Seth Swalve continues to climb the professional ladder.
The former Cullman High School basketball player recently signed with the UK’s Hemel Storm, who compete in the National Basketball League (Division I), after a first stint overseas with Gtuni, a Georgia- A League based in the country of Georgia.
For Swalve, who graduated in 2016, he had the time of his life to pursue his dreams.
“It was amazing,” he said in a phone interview with The Times. “I’ve wanted to do this since I was a kid. I had no idea what all of this would entail – being away from family, living abroad, being kind of isolated – but it was the best thing I’ve ever experienced. Playing basketball for my job, meeting new people, building relationships, traveling. I really like to play basketball, but I also like people and places. It was really special for me.”
Swalve played in 13 games for Gtuni last season, averaging 12.5 points, 5.2 assists and 4.1 rebounds per game while shooting 54% from 3-point range.
While those marksmanship stats aren’t new to those who have followed his prep career at Cullman, Swalve said the dynamics of playing overseas were very different from what he had grown accustomed to at the level. secondary and college (UAH).
“In high school, the expectation was to work on your game and get a buy-in with the team,” he said. “At that age, a lot of the vision comes from the head coach himself, the assistants, the fans, other external things. At UAH there is the same kind of demand, but I think the expectations are increasing for your individual performance and work ethic.
“My first year abroad…it’s completely individual and winning. That’s all that really matters other than not getting in trouble or being a headache for your team. There’s a lot of pressure on you individually, and there’s no one to save you. It’s sink or swim. It was a big transition for me. In the United States, there are more athletes. But what the athletes here might lack, they make up for in IQ, team play and strategy. I was lucky to have a good base of that playing UAH.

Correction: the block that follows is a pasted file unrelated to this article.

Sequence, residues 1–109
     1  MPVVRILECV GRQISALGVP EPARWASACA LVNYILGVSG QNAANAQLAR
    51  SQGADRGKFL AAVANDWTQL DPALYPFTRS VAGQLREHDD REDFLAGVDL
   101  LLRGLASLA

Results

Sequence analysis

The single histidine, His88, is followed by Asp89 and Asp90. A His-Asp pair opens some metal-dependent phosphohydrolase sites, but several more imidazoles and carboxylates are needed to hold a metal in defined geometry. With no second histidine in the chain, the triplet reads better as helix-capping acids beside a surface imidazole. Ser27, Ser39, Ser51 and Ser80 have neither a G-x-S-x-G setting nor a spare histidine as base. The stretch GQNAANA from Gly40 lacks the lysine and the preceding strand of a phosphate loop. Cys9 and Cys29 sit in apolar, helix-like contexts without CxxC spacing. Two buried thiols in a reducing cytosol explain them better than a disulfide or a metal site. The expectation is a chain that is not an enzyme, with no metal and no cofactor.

Swalve likened his first run with Gtuni to a “starting, entry-level position”, but added that it was “the best I could do as an undersized guard at a small school”.
The 25-year-old, however, impressed the semi-professional club enough to earn another contract year before finally deciding to sign with Hemel.
“My stats at UAH didn’t jump off the page, so my freshman tried to get something professional on my resume and go from there. Just try to put in enough numbers for my agent to follow that and market me. This league I’m in now is a bit better in all aspects – resources, dynamics, players.
“This team lost in the championship last year but brought back a lot of key places. I think we can win a lot of games. That’s something I’m focused on – having a run in the playoffs and winning the right to play in big games and win those big games. And my whole goal as a player is just to grow offensively and defensively, raise my IQ, hone my skills. I just want to be a sponge, make the better team and learn a lot from them.”
Despite last year’s new lifestyle, Swalve hasn’t forgotten his roots.
He said he receives many text messages from his parents, siblings, former coaches and teammates, friends and people he has met along the way – all offering various words of encouragement as he continues to press on. a childhood dream.
“The support has been wonderful,” he said. “The time change makes things difficult, but there is never a shortage. It’s something I appreciate the most. At random times I may get a text…and it’s just another boost and a reason to keep me motivated.